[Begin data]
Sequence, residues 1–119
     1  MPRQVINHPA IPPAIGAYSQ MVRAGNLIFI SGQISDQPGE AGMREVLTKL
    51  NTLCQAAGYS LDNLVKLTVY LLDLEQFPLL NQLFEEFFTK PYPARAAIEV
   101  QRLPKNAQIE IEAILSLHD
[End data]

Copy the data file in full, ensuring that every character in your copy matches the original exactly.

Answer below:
Sequence, residues 1–119
     1  MPRQVINHPA IPPAIGAYSQ MVRAGNLIFI SGQISDQPGE AGMREVLTKL
    51  NTLCQAAGYS LDNLVKLTVY LLDLEQFPLL NQLFEEFFTK PYPARAAIEV
   101  QRLPKNAQIE IEAILSLHD